The Other SideMell W. MorrisMell, I know that you must get tired of my same old rhetoric, but what else can I say ..You have done it again..You can take everyday things and weave a tapestry of wondrous words around it that immediately elevates the subject to new heights. Whether it be music, rivers. bridges, autumn leaves, or any number of subjects --you can take it and make it into poetry that is both beautiful and relevant....and always in your unique style with your uncanny abilitiy to use run-on internal rhyming to the limit without ever sounding trite or forced...You are a wordsmith to the utmost but more than that for your works always have such "heart", as if a part of you flows out and through them to the reader... I think the title was great ..OF course it brought to mind things other than bridges...so it was effective in drawing the reader to read the poem.. And then, of course, what are bridges for but for getting to the other side...and when one speaks of bridges one can get philosophical and read other levels of meaning into the words..I tend to do that even when the poet does not mean anything but what they have written..Ah, but that is the whole reaaon for poetry is it not? The poet can influence thought itself as it is in the mind of the reader that interpretations abound...and there are as many interpretations of the words as there are readers... "There's something about a bridge that pleases my senses and eases my spirit. Evolved from man's resolve to cross an abyss, ravine, or the sheen of a river, it becomes as sleepless as the water that runs under." Your timing and rhyming are unsurpassable..your use of the English language a marvel...and I remain in awe of your abilities.. There is something about your poetry that "pleases my senses and eases my spirit." The alliterations and sibilance abound, as always, through the entire poem...As below in the second verse ..such unparalleled sibilance with all of the "ss" sounds..Of course, the first verse also, with "cross, abyss, sheen, sleepless... "My favorite bridges are not formal, turreted arches but the old wooden, spavined spans that rattle as I pass. Covered with honeysuckle vines that twine along the railing, they assail with splendid scents. It's said that a bridge assumes most aspects" of the water around it, and serene or spumescent, this perfection of connection elevates my being. My focus then turns inward to locate traits I may assimilate from the streams and rills that fill my dreams." You also use words that are rarely used by others but are so appropriate in their context, form, and richness of meaning ..ie, spavined and spumescent... I am sure that many readers make use of their dictionaries and I for one, know that you have increased my vocabulary with your poetry... Another fine example of excellent writing by my favorite poet.............drenda2003-11-18 20:13:08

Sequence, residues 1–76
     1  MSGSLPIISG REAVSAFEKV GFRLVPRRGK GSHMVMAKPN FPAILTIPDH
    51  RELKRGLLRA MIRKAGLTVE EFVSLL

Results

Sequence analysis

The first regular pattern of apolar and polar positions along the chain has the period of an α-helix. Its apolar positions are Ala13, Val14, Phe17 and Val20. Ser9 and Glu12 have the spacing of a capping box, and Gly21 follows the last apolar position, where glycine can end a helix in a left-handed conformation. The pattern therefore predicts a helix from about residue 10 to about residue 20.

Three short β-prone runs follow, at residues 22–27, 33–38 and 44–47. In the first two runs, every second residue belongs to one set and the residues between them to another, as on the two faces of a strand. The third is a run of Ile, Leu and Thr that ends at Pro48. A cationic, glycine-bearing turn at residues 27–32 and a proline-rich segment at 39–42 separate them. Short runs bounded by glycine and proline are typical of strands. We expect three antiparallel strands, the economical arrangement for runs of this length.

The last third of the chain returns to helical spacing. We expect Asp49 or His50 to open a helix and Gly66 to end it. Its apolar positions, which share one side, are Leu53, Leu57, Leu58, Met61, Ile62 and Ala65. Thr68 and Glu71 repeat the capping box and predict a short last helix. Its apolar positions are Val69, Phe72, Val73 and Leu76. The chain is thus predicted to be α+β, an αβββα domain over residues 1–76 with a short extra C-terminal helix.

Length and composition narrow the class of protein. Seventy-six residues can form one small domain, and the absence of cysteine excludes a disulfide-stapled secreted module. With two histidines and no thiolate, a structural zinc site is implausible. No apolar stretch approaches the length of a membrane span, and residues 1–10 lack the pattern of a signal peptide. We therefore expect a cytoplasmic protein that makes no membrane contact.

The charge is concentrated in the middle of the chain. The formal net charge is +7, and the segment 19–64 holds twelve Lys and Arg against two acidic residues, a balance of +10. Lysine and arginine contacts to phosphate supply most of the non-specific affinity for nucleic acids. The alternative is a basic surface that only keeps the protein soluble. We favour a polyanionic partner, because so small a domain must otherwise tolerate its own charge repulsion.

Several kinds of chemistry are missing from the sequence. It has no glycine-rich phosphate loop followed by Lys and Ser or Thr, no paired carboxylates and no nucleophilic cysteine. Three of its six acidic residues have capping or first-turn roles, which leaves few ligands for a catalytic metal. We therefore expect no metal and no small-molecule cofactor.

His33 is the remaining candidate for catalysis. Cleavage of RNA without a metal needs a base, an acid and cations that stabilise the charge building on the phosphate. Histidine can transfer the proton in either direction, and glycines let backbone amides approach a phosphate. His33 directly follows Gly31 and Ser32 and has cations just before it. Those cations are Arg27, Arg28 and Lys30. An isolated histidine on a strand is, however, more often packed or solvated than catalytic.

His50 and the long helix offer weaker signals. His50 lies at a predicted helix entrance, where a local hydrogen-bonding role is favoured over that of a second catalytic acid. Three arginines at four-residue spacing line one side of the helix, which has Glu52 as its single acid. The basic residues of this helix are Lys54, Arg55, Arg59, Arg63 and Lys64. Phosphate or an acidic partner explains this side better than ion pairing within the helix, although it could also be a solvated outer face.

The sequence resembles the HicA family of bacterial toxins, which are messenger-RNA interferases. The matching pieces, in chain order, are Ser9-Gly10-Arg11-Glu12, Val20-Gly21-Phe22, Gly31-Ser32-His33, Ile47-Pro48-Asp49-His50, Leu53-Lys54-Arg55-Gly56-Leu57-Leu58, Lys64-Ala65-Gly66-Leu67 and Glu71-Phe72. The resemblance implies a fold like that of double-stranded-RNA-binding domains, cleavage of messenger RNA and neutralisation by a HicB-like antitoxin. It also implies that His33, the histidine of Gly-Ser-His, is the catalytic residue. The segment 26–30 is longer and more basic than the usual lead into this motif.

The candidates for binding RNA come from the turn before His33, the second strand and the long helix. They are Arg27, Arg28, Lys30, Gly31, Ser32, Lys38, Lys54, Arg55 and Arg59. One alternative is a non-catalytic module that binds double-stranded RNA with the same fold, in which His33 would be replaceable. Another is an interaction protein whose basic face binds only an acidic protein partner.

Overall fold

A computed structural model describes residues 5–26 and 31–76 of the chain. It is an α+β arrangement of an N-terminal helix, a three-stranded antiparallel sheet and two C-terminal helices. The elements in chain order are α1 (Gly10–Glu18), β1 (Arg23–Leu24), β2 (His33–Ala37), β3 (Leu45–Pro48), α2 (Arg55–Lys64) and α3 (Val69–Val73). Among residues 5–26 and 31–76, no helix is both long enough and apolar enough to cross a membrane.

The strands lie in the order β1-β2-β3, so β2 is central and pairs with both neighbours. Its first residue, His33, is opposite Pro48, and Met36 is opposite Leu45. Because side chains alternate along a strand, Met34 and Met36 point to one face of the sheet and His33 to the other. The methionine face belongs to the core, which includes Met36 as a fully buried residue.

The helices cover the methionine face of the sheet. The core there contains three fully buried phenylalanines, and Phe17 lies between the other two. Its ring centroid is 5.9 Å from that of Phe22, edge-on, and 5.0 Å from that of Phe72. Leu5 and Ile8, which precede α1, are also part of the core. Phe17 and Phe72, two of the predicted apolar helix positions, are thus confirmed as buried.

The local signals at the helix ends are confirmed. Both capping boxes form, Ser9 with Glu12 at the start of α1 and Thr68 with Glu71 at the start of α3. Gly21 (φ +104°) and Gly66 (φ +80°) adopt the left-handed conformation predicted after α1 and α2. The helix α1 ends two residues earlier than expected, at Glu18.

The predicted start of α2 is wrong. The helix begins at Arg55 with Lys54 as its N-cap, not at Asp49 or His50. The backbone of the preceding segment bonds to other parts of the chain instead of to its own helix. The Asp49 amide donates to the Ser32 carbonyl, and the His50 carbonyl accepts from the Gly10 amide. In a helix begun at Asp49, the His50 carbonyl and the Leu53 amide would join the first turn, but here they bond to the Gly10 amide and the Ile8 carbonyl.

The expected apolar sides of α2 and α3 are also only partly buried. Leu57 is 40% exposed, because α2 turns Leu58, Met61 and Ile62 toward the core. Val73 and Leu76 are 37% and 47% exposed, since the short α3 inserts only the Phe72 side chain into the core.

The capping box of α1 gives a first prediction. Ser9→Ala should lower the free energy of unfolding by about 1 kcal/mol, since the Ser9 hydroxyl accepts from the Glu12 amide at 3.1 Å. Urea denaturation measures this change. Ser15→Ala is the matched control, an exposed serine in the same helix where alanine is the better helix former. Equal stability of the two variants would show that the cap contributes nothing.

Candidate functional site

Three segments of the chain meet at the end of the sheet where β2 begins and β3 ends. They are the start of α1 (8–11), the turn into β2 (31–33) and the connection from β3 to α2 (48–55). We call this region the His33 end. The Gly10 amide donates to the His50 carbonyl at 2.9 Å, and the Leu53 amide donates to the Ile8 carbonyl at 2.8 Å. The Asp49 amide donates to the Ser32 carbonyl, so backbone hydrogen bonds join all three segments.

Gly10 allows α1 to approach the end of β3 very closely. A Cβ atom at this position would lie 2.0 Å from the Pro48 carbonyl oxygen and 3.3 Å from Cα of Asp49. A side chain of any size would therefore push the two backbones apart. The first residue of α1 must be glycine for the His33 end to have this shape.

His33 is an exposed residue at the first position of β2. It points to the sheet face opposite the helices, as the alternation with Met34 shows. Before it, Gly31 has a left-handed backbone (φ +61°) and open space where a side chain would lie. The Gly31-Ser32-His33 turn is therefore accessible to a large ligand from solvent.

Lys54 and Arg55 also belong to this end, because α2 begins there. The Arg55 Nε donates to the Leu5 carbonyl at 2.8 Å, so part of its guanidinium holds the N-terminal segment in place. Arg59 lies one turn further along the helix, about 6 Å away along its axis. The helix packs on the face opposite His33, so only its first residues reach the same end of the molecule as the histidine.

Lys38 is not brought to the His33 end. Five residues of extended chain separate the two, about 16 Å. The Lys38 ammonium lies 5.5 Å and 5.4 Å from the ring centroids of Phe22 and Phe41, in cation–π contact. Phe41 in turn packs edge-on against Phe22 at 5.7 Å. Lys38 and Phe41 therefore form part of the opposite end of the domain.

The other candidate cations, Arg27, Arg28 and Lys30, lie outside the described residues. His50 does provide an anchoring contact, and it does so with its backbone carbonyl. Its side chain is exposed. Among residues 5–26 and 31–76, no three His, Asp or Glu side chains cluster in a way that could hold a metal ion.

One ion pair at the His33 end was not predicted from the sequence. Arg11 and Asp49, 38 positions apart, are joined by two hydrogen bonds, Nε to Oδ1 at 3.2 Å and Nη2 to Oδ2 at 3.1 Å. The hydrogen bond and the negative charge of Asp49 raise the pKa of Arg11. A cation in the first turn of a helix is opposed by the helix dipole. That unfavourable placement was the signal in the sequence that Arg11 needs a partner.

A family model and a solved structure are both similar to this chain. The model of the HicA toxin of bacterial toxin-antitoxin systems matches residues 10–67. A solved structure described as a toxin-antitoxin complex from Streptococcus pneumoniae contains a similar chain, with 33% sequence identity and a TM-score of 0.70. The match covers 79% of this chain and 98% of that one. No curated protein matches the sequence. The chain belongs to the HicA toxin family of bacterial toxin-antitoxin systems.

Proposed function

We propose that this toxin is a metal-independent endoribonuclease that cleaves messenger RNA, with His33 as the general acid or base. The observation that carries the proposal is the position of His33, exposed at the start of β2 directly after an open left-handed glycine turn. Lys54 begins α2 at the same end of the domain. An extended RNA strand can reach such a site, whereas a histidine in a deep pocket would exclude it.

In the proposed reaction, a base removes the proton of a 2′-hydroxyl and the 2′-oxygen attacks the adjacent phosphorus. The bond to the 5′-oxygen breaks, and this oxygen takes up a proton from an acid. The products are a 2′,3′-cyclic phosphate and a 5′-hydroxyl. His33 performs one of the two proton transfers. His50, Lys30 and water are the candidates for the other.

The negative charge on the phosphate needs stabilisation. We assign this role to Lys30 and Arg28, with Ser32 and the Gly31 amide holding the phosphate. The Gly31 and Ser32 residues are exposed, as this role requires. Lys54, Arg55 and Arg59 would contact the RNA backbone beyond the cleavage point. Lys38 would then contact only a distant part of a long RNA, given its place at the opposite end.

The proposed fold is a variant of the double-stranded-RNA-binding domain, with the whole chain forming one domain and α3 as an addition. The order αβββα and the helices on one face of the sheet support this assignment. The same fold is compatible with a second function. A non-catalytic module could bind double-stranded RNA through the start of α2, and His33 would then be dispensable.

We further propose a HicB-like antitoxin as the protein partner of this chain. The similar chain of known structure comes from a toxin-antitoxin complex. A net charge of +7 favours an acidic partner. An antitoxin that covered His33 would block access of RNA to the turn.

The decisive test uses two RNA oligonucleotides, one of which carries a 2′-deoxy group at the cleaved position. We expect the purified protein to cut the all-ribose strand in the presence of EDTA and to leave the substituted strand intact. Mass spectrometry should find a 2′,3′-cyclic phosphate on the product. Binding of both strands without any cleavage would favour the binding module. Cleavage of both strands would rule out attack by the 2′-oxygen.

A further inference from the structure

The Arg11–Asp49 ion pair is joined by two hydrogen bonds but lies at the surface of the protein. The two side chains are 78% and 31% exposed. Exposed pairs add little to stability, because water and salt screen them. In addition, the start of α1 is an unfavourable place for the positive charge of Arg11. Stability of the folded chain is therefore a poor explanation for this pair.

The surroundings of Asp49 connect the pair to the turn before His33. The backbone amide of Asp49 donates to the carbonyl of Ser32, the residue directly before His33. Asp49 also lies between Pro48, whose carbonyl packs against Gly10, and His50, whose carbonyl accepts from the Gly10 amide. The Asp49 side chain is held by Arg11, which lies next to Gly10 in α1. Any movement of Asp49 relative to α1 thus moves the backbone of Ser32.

Be SilentDebbie SpicerDebbie, First of all welcome back..I don't remember seeing your work for awhile...This one is just great..I have not read such an excellent rhyming poem in some time..The subject is one that relates to you well as one who has endured really hard times in life--who has fought the battle within--and has finally reached a state of reconciliation and "peace." ONe who does not stop there but rather reaches out and shares that sense of peace with others through writing about it..Yes, life is short and should be approached in the manner you describe here. "Be silent, for that is when you hear Wisdom of heaven and earth held dear Knowledge deep within the soul Comes quietly as we release control." The above is especially true for us "control freaks" (I was one once too) and you are so right in that we just more or less keep spinning our wheels until we stop and it is in that silence when we release that control that we finally "hear." That introspection that comes in the quiet time is where knowledge lies. "Be silent, the voice inside will speak The truths desired for what we seek Say farewell to afflicting pasts They have ceased and now have passed." Isn't is wonderful that our souls are calm and resilient underneath all the afflictions of our "personalities"?? And that once we realize the truth of what you say--that we can throw off the worst kind of abuse or horror and put it in its place as over ("ceased and passed} becoming part of our past but in a distant and non-hurtful place. WE may not be able to erase it--but we can learn to live happily in spite of it.. "Be silent, for soon there will be ease Despair and pain snatched by a breeze Life so short we ask ahead All days complete with peace instead." This is a lovely piece of work and I love the way each verse begins with the "Be silent". for that silence is the key to the peace you have found. The poem is not too long, nor too short, just right for the message it conveys.. AS long as we look to others to solve problems for us we are caught in a trap..IT is only when we realize our own strength through calling on the eternal parts of ourselves and listening to what we feel and hear from our souls that we become "free" and at peace. thank you so much for sharing another wise and beautiful poem with us.....all my best ....drenda 2003-11-18 07:49:41